1. Providing them with food and rai ment, is a divine prerogative, a work, which eminently belongs to the Deity. The Apostle mentions, as a witness for God among nations, those administrations of Providence, which throw plenty of worldly substance into the hands of men for their subsistence. "Nevertheless, he left not himself without witness, in that he did good, and gave us rain from heaven and fruitful seasons; filling our hearts with food and gladness." An argument against confiding in heathen deities, or allowing them to have any participation in the Godhead, and in favor of trusting in Jehovah alone as being sole proprietor and controler of the universe, is the total inability of idols to supply rain and its consequent blessings to such as wait upon them. "Are there any among the vanities of the Gentiles that can cause rain? or can the heavens give showers? Art not thou he, O Lord our God? therefore we will wait upon thee; for thou hast made all these things." In providing sustenance and bodily comforts for man, it is the divine prerogative to impart understanding to the tiller of the ground, to give a due temperature to the soil and the atmosphere, and regularity to the season, and, by an immediate energy, to direct all the combined causes, until the effect is produced. Accordingly we read in Isaiah xxviii. 24, 26. "Doth the plow-man plow all day to sow? Doth he open and break the clods of his ground? When he hath made plain the face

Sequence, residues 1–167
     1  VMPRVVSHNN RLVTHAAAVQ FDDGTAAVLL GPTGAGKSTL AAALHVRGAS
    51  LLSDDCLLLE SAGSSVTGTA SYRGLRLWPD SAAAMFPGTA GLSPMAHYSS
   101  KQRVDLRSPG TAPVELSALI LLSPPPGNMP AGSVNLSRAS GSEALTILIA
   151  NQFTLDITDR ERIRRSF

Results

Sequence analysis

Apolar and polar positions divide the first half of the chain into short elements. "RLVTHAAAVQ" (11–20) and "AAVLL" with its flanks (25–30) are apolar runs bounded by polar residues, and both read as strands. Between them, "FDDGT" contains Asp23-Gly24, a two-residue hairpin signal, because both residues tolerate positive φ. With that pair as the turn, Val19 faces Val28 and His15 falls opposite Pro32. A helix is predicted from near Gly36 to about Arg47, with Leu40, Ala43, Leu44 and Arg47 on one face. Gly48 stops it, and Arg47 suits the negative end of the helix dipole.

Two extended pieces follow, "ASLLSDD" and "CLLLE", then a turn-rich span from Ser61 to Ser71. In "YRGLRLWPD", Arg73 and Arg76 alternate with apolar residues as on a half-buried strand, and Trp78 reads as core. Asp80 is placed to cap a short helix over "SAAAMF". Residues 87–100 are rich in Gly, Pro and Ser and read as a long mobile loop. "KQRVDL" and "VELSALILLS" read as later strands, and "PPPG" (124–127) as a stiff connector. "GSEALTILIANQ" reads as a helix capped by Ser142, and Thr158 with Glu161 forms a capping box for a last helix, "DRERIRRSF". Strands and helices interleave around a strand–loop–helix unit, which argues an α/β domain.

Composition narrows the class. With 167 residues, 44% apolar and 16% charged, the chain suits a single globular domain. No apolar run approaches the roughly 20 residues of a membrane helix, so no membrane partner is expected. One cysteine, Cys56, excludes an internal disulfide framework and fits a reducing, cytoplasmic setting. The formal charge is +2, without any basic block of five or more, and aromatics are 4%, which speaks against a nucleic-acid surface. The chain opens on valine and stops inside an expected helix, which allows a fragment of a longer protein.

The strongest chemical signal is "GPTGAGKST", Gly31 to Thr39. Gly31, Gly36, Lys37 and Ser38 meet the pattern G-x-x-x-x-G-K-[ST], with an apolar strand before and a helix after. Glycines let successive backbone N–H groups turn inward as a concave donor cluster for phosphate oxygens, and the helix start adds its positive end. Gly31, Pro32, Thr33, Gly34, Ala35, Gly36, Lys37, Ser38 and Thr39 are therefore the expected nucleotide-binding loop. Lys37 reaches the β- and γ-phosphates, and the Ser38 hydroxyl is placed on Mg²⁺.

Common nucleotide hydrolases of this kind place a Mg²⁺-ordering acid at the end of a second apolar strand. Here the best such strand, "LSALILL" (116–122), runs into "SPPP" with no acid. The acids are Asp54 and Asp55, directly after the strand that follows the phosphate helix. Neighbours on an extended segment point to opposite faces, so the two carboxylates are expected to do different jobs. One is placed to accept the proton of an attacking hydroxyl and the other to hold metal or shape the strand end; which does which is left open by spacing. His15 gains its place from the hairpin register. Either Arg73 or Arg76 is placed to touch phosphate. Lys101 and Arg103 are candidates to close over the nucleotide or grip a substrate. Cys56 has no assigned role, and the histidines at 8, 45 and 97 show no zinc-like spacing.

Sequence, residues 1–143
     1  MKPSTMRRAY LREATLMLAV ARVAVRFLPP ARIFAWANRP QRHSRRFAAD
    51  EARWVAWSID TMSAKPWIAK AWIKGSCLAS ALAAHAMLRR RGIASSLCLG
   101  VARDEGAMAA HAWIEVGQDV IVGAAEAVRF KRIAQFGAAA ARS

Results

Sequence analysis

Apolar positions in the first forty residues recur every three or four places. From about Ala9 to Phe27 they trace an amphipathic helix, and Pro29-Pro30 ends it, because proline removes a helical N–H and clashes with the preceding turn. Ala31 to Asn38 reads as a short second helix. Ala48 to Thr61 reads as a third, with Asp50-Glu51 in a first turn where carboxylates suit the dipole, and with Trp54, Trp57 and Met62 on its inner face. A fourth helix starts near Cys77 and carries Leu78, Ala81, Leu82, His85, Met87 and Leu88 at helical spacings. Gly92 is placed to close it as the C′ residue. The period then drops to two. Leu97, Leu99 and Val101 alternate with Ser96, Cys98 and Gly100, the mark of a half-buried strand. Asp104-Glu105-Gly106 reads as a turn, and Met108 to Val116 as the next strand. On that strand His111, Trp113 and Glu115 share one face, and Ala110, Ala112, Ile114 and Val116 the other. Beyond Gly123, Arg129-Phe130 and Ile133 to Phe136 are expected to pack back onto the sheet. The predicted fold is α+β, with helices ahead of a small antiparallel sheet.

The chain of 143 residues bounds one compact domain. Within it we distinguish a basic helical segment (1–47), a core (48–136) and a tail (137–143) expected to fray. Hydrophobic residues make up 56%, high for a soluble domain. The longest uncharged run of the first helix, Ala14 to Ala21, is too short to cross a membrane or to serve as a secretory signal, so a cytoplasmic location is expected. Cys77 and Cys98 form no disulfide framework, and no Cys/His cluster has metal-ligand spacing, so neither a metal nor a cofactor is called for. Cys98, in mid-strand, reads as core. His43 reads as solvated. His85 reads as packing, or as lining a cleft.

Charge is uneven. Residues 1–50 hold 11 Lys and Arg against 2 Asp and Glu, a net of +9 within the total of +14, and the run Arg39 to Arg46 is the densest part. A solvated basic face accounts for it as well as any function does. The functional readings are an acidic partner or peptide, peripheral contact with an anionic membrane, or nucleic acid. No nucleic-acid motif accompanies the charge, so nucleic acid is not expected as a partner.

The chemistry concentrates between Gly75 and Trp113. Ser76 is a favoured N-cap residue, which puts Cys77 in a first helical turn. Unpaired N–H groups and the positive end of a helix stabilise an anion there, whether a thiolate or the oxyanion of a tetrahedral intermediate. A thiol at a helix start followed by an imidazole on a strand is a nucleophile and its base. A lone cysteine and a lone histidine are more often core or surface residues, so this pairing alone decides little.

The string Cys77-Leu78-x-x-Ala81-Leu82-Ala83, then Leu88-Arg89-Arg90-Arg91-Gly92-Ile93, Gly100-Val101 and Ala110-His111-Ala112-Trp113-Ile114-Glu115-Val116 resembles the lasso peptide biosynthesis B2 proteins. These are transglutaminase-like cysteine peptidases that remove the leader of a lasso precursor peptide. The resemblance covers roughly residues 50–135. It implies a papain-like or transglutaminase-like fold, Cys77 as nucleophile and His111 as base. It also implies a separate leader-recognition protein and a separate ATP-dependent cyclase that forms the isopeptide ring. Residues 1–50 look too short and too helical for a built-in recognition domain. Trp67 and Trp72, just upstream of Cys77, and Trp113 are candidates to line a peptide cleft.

thereof, doth he not cast abroad the fitches, and scatter the cummin, and cast in the principal wheat, and the appointed barley, and the rye in their place? For his God doth instruct him to discretion, and doth teach him." Another branch of Providence, in relation to the same end, is described in the following words; "Thou visitest the earth, and waterest it thou preparest them corn, when thou hast so provided for it."